By Natasha Sim | Parents Avenue’s Writer | All images courtesy of William Lee
During his infancy, William Lee’s mother heard about a family wishing to give away their newborn. The family in rural Keningau had already 9 or 10 mouths to feed—they could not possibly afford to raise another child. The year was 1992. Hearing this, his mother told his father, “I’d like to keep that child.”
William grew up never knowing anything about this. Until 27 years later, on the day before his wedding.
The 27-year-old startup founder shares with Parents Avenue his story, and how it has impacted his views on family and his life.
A series of unfortunate events
“When I found out, I wasn’t that shocked because I always felt different growing up. I did question whether or not I was adopted even before,” said William.
Of course, the ordeal was no less a nightmare, according to William. Simply because the revelation came after his mother died.
“On 25th March 2019, I received a phone call from my daddy telling me that my Ma had collapsed and was at the hospital,” he said.
By the time William reached the hospital, his mother was already dead.
The next day, William recalled feeling overwhelmed and stressed. Emotions were running high at his household because his wedding was due two days later.
“I wanted the wedding to go on and I worried about it being cancelled,” he said.
According to cultural superstition, a marriage will suffer if the wedding is held closely after the death of a family member.
But his wedding was allowed to happen anyway.
On 26th March, William’s suspicions that he was not a ‘blood son’ was confirmed by accident.
William had overheard his father saying into the phone that “I have three sons, two are blood and one is not.
When truth came out
One might think that because William’s mother chose to adopt him that he would have had a wonderful relationship with his mother.
On the contrary, William said he had a less than ideal upbringing.
Due to complicated family dynamics, he was eventually separated from his mother. Then sent to live with his father and his father’s first wife, a woman he fondly calls “Big Ma”.
William confronted his father a month after his wedding and the phone call incident.
His father was unwilling to admit the truth at first.
“I kept pressing and I told him that I overheard him telling someone over the phone that I was not his real son,” he said.
“I told my daddy that I don’t have bad intentions. I just want to know my real history.”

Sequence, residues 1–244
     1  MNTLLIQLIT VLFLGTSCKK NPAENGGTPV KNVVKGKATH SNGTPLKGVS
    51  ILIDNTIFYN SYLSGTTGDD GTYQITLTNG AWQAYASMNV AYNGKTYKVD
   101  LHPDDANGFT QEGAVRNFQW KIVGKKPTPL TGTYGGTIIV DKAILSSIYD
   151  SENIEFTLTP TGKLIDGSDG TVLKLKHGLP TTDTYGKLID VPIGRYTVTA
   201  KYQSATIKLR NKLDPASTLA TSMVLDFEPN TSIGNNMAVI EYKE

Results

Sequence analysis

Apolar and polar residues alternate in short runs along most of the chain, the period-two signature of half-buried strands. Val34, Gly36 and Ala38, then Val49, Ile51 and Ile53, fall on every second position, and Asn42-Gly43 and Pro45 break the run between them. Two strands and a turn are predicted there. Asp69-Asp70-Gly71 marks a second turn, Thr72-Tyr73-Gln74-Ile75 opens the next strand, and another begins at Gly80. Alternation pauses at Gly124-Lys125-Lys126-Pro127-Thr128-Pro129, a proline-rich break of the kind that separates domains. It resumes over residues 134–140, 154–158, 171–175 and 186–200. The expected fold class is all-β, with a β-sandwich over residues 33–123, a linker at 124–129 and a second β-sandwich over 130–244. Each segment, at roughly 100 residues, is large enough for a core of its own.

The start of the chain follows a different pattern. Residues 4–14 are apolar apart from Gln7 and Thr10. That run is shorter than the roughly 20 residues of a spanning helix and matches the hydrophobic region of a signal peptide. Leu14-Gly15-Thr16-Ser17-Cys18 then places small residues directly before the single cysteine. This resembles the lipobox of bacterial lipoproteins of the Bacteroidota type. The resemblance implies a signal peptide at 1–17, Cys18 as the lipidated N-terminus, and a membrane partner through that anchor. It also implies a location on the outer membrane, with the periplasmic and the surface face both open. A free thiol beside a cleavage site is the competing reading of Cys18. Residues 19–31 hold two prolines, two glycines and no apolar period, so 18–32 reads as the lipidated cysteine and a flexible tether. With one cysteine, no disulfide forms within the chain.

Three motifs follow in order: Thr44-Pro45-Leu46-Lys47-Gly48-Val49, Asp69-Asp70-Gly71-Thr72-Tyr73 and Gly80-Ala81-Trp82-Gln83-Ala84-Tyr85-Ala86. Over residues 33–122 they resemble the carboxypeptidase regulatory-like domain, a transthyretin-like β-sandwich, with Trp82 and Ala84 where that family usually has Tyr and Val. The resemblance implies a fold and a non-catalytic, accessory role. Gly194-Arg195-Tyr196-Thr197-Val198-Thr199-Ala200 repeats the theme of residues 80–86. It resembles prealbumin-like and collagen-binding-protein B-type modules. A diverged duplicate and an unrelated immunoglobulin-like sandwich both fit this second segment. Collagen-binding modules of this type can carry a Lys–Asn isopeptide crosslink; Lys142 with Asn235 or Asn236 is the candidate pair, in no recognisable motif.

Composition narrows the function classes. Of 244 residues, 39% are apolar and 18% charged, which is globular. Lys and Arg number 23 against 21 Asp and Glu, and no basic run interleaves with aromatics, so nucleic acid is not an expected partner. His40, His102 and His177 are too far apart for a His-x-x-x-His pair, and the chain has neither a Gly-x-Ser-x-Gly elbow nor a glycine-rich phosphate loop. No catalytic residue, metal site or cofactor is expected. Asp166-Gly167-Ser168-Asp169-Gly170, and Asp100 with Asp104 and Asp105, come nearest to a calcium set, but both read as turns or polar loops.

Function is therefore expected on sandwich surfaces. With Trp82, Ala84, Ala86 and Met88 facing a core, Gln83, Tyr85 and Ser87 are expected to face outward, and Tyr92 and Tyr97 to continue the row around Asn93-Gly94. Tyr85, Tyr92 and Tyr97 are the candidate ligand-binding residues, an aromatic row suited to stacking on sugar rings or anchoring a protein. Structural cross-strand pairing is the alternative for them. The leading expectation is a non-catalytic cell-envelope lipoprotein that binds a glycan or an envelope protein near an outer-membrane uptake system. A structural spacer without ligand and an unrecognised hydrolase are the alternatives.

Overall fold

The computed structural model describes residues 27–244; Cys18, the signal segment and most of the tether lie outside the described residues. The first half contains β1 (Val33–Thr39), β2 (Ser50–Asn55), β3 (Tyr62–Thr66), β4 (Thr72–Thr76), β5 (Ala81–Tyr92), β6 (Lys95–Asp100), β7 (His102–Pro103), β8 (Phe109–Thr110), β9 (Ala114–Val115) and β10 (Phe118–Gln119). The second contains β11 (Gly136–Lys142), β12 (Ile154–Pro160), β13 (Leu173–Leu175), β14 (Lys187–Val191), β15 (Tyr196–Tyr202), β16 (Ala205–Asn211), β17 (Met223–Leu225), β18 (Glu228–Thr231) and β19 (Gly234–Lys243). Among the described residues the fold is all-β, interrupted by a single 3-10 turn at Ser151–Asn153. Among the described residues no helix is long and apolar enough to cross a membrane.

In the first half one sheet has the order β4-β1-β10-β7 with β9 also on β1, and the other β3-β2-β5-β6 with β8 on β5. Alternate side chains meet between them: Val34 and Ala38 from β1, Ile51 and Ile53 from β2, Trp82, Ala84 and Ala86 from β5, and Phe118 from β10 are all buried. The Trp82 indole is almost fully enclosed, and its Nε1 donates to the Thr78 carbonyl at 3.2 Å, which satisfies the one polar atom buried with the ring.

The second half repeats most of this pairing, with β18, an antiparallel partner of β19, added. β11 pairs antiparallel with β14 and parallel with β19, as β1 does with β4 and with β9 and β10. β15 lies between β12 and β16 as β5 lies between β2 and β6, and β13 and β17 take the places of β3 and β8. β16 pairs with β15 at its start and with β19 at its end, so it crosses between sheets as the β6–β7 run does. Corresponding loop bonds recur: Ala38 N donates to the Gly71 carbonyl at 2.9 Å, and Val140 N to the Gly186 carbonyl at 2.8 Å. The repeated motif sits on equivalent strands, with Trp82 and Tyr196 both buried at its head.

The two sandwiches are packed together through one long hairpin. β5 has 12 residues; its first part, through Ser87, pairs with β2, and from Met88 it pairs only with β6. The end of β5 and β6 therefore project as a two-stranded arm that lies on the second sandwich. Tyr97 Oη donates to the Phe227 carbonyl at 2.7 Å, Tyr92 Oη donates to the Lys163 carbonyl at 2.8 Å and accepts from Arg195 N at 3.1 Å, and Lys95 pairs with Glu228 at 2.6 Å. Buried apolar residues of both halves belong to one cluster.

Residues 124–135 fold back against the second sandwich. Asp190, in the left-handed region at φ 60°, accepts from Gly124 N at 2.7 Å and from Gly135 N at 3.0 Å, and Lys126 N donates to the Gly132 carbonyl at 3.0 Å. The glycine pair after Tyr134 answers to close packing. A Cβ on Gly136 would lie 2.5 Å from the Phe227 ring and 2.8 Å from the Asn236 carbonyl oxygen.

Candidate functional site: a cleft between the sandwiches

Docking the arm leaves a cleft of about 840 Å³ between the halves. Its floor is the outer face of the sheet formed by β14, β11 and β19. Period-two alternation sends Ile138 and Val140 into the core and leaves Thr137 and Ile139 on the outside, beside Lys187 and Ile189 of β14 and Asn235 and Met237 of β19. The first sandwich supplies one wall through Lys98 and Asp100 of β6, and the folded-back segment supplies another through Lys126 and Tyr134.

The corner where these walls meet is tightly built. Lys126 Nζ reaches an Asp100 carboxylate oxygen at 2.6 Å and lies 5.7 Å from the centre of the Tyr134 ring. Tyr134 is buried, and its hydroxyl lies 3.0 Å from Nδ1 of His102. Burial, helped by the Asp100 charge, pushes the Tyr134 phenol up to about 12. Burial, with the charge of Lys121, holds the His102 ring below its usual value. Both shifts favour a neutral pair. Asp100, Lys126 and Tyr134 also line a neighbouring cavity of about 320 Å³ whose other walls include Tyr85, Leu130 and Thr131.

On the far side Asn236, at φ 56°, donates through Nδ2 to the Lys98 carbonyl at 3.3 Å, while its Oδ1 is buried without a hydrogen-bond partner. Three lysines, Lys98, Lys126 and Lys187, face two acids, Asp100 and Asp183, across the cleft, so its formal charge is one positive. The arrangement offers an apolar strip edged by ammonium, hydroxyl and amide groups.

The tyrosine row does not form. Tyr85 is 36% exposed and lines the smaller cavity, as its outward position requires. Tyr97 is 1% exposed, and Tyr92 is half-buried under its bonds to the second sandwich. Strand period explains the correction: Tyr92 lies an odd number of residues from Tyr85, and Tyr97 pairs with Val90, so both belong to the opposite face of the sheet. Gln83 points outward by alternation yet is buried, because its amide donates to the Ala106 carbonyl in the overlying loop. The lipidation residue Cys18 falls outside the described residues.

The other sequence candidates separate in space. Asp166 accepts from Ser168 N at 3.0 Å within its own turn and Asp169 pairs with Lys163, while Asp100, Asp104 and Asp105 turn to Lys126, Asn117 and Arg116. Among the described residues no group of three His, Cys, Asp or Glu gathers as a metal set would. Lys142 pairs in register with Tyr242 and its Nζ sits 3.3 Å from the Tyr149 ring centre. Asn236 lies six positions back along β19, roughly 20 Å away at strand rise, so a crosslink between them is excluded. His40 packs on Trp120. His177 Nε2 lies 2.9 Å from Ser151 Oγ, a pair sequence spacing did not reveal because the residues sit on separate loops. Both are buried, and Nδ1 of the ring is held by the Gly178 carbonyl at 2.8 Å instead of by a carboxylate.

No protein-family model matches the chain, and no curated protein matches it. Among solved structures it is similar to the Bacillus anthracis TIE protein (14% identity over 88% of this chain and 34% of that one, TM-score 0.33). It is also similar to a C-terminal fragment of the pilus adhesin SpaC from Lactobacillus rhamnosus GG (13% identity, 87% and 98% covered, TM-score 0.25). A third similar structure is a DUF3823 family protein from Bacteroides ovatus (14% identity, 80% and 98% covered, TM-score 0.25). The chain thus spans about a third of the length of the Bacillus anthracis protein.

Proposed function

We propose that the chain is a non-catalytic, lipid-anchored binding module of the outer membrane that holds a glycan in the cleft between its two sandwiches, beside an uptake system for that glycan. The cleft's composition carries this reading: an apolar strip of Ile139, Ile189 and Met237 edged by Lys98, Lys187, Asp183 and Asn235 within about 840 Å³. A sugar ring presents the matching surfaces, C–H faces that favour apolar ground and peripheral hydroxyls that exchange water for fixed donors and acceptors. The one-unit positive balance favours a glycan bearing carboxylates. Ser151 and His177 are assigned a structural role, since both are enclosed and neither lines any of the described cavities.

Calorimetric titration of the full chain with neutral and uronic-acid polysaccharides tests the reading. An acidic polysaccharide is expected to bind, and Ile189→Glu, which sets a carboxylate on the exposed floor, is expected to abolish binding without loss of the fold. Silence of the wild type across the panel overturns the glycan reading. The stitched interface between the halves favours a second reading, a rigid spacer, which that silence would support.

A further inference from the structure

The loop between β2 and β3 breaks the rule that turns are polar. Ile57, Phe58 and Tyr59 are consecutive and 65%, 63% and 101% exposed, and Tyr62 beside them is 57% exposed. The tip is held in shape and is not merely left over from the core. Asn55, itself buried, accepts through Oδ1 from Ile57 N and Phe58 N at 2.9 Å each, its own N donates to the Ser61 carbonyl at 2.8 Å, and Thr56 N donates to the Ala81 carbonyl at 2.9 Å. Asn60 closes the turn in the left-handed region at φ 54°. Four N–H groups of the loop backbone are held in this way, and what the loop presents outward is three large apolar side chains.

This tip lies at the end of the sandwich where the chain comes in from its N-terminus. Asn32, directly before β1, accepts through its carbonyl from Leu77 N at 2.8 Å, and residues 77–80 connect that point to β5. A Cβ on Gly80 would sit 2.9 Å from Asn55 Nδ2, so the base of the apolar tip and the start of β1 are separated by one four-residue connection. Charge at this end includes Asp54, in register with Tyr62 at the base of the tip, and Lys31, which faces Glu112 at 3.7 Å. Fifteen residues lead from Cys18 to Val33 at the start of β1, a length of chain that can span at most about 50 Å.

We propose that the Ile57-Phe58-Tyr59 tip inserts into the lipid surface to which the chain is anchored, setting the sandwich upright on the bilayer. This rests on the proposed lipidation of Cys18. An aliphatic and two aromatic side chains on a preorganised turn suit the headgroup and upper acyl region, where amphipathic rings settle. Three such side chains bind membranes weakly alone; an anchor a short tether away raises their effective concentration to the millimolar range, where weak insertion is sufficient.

With that said, William’s father softened his stance and revealed everything.
It turns out, the phone call was to a sifu in Keningau and his father wanted to make sure that the wedding could go on so as not to break cultural prohibitions.
Adopted or not, family is still family
William felt like a weight was lifted off his shoulders. And he finally understood why he had felt out of place all his life amongst his peers.
“Growing up I was always closer to my non-Chinese friends. And now I know why la,” he said.
As it turns out, William was adopted from a Murut family.
This fact alone explains his tanner skin and curlier hair. And looking nothing like anyone else in his family.
Growing up in a traditional Chinese household also meant that his natural affinity and love for KadazanDusun Murut (KDM) music, art and culture was highly unusual.
“I used to get teased for listening to KDM folk songs,” he says with a laugh.
Despite the truth, William says nothing changes the deep love and appreciation he has towards his parents, especially his father and Big Ma.
William believes that his adoption is in fact a blessing in disguise. “My father really educated me well and I did grow up to have a good life,” he said.
“Who knows how would I have turned out if I wasn’t adopted.”
To Will, his adoption is really just a small matter because at the end of the day, his relationship with his family is still one borne out of love and respect.
Behind his desk is a plaque in Chinese that translates to mean “one should treat and respect everyone equally”, which William says is his father’s life philosophy.
“Those words are words that my father said all the time,” William said. He too lives by those words now.
Practice acceptance and gratitude
The biggest lesson William says he’s learnt through all of this is to be accepting of who we are and our circumstances.
“And to be thankful for everything we have. Appreciate all that our parents have done for us. Life is not easy, so don’t take it for granted,” he says.
These are lessons he hopes to be able to impart to his future child. “My wife is now two months pregnant,” he says.
William also said that it is unlikely that he will be reconnecting with his biological Murut family.
His parents, now in their 70s, have forgotten the name of the kampung he came from.
“But it doesn’t matter. Adopted or not, I never felt like I am not part of my family,” he said, referring to life with his dad, Big Ma and siblings from his father’s first marriage.
“My wife too initially had issues when I told her the truth about my identity,” he said. But they have found a way to move past it as a couple.
“Now, my in-laws love me,” he said.
William Lee is Founder and Managing Director of Vacazzee, a local travel platform. The app will be launched in September 2019.
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